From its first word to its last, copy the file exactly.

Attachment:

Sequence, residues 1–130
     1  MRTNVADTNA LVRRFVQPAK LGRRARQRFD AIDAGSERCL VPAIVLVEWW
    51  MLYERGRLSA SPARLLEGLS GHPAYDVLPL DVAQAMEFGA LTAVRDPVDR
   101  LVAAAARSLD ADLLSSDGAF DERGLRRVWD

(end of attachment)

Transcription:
Sequence, residues 1–130
     1  MRTNVADTNA LVRRFVQPAK LGRRARQRFD AIDAGSERCL VPAIVLVEWW
    51  MLYERGRLSA SPARLLEGLS GHPAYDVLPL DVAQAMEFGA LTAVRDPVDR
   101  LVAAAARSLD ADLLSSDGAF DERGLRRVWD